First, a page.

There are a lot of strong supporters on Ehlena’s side, and I think there should be.  The American Civil Liberties Union is representing the family; the Office of Civil Rights has determined that Ehlena’s rights under the Americans with Disabilities Act were infringed upon, and President Obama disagrees with the courts’ rulings thus far.

In these situations, administrative hearings delay a student’s ability to have access to his or her service dog while in school, which can be extremely detrimental to the safety and well-being of the child.  A cooperative relationship between parents and schools is ideal, but at times, the forced use of administrative remedies causes more harm than good.  

Not surprisingly, Ehlena now attends school in Washtenaw County.  Hopefully her story will have an enormous impact and will push forward rights of access for all special needs students.

Come one, come all! Adopt a highway!

In Michigan, we have all seen the road signs that recognize a family, business or organization that has volunteered to spruce up the highway by picking up litter for a certain number of miles.  I saw some of the “Adopt A Highway” bags filled with trash on US23 just the other day.  Not only does this help the environment, but it keeps the roads safer as potentially hazardous debris is removed, and the landscape is beautified (considering the shape of most of Michigan’s roads, picking up litter barely touches the negative visuals we have driving down the highway).  I’ve always considered the recognition signs to be a sort of public “thank you” to those who have volunteered their time (and safety) to making a difference.  Most of the signs are thanking families, large company employees, memorial groups, and yes, at times, law firms, for their help.

When I think of the Ku Klux Klan (KKK), I can honestly say I have never considered the organization to be civic minded.  My immediate images are those of exclusion, hatred, racism and violence against others for reasons out of one’s control, such as ethnicity and skin color.  However, in 2012, the International Keystone Knights of the Ku Klux Klan decided, hey, let’s pick up litter on a highway in Georgia!  So, they filed the paperwork to do so, but were rejected by the Georgia Department of Transportation, for two reasons. First, the area they were seeking to adopt was “unadoptable” due to safety concerns; and two, Georgia just didn’t think it was a good idea given the KKK’s history record of “civil disturbance.”  I think many people would be shocked if they saw a sign thanking the KKK for picking up garbage on the highway, and that could lend itself to accidents, or perhaps incidents that were not exactly accidental.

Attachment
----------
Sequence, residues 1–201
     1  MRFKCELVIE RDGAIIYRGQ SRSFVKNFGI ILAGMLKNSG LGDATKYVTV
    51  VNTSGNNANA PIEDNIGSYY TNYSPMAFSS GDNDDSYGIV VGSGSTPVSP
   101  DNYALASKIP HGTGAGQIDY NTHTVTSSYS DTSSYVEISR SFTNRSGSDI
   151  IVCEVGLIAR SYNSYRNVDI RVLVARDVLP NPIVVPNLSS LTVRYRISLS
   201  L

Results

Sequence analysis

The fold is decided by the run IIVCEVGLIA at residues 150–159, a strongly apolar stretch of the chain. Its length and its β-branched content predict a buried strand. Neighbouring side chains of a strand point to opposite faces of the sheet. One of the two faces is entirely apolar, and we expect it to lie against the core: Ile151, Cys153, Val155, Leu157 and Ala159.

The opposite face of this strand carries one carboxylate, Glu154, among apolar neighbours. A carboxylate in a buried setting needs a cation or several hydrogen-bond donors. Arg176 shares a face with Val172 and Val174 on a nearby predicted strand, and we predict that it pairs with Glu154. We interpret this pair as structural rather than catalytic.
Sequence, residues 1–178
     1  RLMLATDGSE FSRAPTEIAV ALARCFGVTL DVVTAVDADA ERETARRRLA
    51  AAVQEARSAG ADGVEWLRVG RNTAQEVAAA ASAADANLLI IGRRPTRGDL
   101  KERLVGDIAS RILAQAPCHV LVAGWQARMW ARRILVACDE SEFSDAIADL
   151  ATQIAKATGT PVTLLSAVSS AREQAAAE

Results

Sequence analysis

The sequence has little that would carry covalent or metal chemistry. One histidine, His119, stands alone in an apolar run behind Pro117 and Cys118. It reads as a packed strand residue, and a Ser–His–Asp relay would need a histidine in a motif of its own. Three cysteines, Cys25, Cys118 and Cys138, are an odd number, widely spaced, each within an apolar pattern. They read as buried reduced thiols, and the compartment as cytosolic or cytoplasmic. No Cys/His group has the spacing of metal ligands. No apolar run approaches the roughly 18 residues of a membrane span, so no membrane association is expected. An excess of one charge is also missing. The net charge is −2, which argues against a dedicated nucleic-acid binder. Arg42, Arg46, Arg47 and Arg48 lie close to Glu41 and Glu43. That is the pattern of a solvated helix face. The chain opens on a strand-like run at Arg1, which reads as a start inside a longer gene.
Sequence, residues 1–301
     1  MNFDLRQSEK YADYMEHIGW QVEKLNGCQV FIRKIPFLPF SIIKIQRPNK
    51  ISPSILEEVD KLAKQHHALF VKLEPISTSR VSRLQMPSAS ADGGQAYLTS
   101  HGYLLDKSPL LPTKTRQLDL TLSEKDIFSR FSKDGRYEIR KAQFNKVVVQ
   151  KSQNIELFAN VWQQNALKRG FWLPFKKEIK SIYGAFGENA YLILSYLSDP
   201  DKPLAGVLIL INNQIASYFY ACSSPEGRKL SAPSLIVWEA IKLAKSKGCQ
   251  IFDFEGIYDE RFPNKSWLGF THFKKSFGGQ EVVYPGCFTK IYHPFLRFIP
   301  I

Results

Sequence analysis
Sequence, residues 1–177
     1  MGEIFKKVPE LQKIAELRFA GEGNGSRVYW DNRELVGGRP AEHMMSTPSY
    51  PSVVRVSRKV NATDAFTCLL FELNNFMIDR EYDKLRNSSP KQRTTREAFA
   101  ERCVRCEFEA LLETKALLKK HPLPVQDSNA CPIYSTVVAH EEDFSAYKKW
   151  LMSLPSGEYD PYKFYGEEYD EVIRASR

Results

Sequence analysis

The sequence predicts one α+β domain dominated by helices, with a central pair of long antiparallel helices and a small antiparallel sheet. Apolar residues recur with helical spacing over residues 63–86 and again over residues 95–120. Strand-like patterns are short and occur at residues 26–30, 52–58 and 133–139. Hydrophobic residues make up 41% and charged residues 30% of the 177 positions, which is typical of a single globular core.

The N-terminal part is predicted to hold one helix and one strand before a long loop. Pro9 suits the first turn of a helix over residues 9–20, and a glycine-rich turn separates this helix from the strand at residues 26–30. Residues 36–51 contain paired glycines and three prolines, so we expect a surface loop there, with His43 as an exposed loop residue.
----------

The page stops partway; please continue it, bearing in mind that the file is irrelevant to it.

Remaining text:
Considering its persistence throughout history, Georgia should’ve known that the KKK wasn’t going to leave it at that.  It sued the Department, through the ACLU, offering to pick up litter in another location, with the crux of the case being that they were denied their right to free speech, as provided by the Georgia Constitution.  The trial court sided with the KKK in finding that refusing to accept an application for the history of civil disturbance was “ ‘…an unconstitutional infringement on an applicant’s right to free speech.’ ”  It also prohibited the Department from denying applications to Adopt A Highway for this reason.

An appeal was filed by the Department of Transportation; however, the Georgia Supreme Court ruled on July 5, 2016, that the appeal was brought incorrectly, and it was left with no option but to dismiss the appeal on the basis that it did not have jurisdiction.

With the recent escalation of racial tension in the US, it is doubtful that this ruling will help calm the atmosphere – but I guess everyone has the right to pick up trash.